Too late, but never too late – Prosecution against aging Nazis

In the past two years, two men, Reinhold Hanning and Oskar Groning, who had worked as guards and bookkeepers at the Auschwitz death camp during World War II were convicted to four- and five-year sentences for accessory to murder in German courts. Both men are in their 90s today and while it might seem futile to pursue cases against defendants this old, Attorney Christoph Rückel emphasized that their cases were also “too important to be ignored”. Rückel, who amongst other things is of counsel at BridgehouseLaw in Atlanta represented 23 Auschwitz survivors in these cases and helped prosecutors win the recent convictions.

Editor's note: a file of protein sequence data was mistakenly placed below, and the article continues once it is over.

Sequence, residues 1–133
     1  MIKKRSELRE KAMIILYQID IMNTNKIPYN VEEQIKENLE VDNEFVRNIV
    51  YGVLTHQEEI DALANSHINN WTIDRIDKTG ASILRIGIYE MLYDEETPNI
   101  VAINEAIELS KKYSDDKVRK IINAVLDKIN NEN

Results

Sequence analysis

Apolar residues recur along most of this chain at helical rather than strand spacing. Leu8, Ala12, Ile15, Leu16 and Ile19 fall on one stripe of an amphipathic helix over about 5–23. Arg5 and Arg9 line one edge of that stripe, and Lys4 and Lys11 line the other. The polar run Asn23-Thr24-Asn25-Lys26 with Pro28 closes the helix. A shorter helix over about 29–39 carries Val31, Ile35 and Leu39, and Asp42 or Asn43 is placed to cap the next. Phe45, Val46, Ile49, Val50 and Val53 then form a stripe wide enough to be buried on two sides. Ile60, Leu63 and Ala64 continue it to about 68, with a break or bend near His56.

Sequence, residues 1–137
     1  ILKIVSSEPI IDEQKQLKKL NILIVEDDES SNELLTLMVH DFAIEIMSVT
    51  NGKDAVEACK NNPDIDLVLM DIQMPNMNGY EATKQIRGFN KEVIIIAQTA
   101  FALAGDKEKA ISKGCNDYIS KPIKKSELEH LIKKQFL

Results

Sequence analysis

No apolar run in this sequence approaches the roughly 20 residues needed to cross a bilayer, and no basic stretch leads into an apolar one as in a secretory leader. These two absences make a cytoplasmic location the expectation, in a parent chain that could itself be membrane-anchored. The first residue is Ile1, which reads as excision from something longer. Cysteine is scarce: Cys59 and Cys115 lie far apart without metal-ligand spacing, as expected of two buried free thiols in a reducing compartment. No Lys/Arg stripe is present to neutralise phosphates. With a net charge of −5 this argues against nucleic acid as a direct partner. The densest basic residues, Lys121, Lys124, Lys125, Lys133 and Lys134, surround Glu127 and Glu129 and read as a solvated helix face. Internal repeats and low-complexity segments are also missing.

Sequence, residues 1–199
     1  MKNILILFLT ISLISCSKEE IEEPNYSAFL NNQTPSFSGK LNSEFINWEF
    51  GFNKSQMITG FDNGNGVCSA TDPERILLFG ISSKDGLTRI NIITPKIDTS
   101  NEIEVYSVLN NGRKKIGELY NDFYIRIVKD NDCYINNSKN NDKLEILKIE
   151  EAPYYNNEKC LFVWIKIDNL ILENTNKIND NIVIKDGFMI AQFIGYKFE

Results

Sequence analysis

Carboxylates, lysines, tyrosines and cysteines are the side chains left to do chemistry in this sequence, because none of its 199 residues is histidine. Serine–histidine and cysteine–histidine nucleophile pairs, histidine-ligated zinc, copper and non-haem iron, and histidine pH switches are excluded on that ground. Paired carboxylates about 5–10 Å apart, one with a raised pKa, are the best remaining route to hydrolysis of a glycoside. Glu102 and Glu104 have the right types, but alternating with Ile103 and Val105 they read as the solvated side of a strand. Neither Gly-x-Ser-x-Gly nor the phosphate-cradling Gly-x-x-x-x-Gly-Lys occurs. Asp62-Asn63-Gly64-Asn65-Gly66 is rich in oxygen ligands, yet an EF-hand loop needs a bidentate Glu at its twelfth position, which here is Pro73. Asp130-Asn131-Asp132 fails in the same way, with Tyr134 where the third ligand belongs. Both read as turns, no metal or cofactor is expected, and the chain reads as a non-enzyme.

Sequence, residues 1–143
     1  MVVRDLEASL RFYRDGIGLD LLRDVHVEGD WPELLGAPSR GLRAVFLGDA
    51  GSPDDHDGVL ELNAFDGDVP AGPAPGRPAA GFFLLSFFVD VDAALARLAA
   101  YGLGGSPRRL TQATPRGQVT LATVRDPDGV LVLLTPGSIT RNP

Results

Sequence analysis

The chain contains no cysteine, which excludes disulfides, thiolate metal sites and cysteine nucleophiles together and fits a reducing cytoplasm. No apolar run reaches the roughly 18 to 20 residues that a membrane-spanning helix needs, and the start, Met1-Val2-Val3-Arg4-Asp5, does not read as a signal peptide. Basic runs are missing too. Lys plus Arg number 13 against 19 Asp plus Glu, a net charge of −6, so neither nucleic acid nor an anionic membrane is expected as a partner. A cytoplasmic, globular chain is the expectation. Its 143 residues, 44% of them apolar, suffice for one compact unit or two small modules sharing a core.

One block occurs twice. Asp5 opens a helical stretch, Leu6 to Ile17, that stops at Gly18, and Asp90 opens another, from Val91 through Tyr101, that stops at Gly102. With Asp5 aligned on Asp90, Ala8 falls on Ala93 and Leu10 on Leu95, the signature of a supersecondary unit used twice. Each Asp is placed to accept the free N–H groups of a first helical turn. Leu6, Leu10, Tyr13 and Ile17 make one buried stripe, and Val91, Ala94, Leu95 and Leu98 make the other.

In the 1970s, Germany had lifted a 30-year statute of limitation on Holocaust crimes. However, many German courts still required “direct action” in the deaths in order for the defendant to be convicted.
In 2011, the Regional Court of Munich (Landgericht München) had convicted another guard, but the man died before the judgment was final (rechtskräftig). Just recently, in September 2016, the German Supreme Court confirmed Hanning’s and Groning’s conviction. Newer interpretations of the law allow prosecutions against those who “supported the system of the killing machine”.
Former bookkeeper Oskar Groning is currently 95 years of age.
Best regards
und viele Grüße aus Charlotte
Reinhard von Hennigs